Caroline Kennedy thinks that she is entitled to be appointed or more appropriately coronated as the next junior senator from New York.
She shouldn't be. Think about it.
Her qualifications? Her name is Kennedy, and she can raise a lot of fat-cat money for herself and for New York Democrats who support her.
Is there a more cynical message in the Age of Obama?
Her strategy? Ignore the voters and the press, and meet with political bosses behind closed doors to convince them to pressure Gov. David Paterson to appoint her to Hillary Clinton's seat.
Among her chief backers is New York City's billionaire Republican Mayor Michael Bloomberg, who recently decided to ignore a legitimate and binding citywide referendum that prohibited him from seeking a third term. In one of the most appalling examples of an arrogant " public be damned" attitude, Bloomberg convinced the City Council to overrule the will of the people so he could stay in City Hall. He's a big contributor to many of the folks who supported this brazen move. Legendary Tammany Hall boss Carmine DeSapio would love both Bloomberg and Caroline for bringing back the old "power to the bosses" style of politics.
Her position on issues that will face the next senator? She won't tell you. She has adamantly refused to speak about any issues. In her first foray outside Manhattan, she declined all questions from the press. Her handlers provided written answers to some of the questions posed by The New York Times. She ignored some of the tough issues like whether she supports increased taxes for rich people.
Her involvement in politics? Not much. She campaigned for Barack Obama and worked on his committee that recommended the vice presidential candidate. She's never been active in New York politics, and she hasn't even voted in about half the contested elections in New York since 1988.
She is a longtime patron of the American Ballet Theatre.
She is active in her father's presidential library.
She was a part-time volunteer fundraiser for the New York City schools for less than two years.
She's co-authored two books on civil liberties and one on Britain's sex scandal involving John Profumo.
She's written four books. She is her most derivative in her published works. Of four New York Times bestsellers, three of them were compilations of other peoples' work. One was "The Patriot's Handbook: Songs, Poems, Stories and Speeches Celebrating the Land We Love." The only thing these songs, poems, stories and speeches had in common was that she didn't write any of them. Then followed "The Best-Loved Poems of Jacqueline Kennedy Onassis." In this book, she not only didn't write the poetry, she didn't even choose it. Her third best-seller was "A Family of Poems: My Favorite Poetry for Children," again a compilation of works that were not her own. In her most recent book, "Profiles in Courage for Our Time," she swiped only the title from her late father but wrote the copy herself.
She hasn't had a full-time job since before she went to law school in the 1980s.
Why should Caroline be appointed senator?
Does anyone seriously believe that her audacious grab for the New York Senate seat is based on anything more than a misplaced and somewhat grandiose sense of entitlement coupled with a cynical claim of access to big money for the next election?
If her name wasn't Kennedy, would anyone give any consideration at all to someone without any experience to prepare her for the job or to even inform the voters about what she stands for?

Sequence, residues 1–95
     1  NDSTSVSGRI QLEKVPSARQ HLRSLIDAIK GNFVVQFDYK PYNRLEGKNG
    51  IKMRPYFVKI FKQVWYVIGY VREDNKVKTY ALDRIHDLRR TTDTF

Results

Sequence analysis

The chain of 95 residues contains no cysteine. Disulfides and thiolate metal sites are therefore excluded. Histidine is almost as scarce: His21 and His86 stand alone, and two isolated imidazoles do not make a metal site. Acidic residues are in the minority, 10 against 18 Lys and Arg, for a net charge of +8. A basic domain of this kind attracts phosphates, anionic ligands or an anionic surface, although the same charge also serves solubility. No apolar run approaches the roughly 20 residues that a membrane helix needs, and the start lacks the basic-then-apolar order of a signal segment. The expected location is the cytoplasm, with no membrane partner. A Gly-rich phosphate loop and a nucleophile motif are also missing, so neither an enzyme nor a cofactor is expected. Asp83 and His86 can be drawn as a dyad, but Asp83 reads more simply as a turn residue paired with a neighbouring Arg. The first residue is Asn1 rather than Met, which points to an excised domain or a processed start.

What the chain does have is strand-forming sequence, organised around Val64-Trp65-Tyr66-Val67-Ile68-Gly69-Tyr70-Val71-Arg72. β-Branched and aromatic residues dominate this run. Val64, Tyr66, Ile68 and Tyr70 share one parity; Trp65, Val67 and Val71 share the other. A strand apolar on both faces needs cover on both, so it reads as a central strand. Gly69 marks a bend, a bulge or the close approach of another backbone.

Is there a single person in the United States who doesn't wish Caroline Kennedy well and hope that she's spared from further tragedy?
But affection, sympathy and nostalgia shouldn't be the basis for appointing this woefully inexperienced woman to a key Senate seat in these troubles times.
Her father's and uncle's names are the only thing that makes her a contender.
Doesn't anyone use their own names anymore? Caroline Kennedy, the daughter of the former president, wants to take the Senate seat of Hillary Clinton, the wife of the former president. But some people are pushing for Andrew Cuomo, the son of the former governor. Are we stuck in political dynasties? And who will make the decision? New York's David Paterson, the son of Basil Paterson, the former New York state senator, secretary of state and deputy mayor of New York City.
Don't we have any talented people who don't feel entitled to inherit a seat? Can't we stop the political dynasties?
At least Cuomo has his own accomplishments. He was the secretary of housing and urban development in the Clinton administration, and as the elected New York state attorney general, he's done an outstanding job. Caroline Kennedy has done absolutely nothing to deserve elevation to the United States Senate.
A review of hundreds of newspaper articles mentioning her name over the past 20 years show rare substantive issues: her books, awarding the Profiles in Courage Award to Lowell Weicker for instituting an income tax in Connecticut and fundraising for the city schools. Even in that regard, her influence is questioned and others are given as much or more credit. The majority of the articles are about her wedding, her mother, her brother, her socialite activities and her auction of her mother's old blankets, picnic baskets and other household effects.
No, Caroline has not been heard from on any of the important issues facing New Yorkers.
Paterson will probably appoint Cuomo anyway for one simple reason: to get him out of the way. Acutely aware that he was not elected governor but only got the job when Eliot Spitzer self-destructed, Paterson would probably face an uphill primary fight against Cuomo in 2010 if he doesn't shunt him off into the Senate. Other than the attorney general, there is nobody with the stature to offer Paterson serious opposition in the Democratic Party.
So, Caroline, you're not entitled.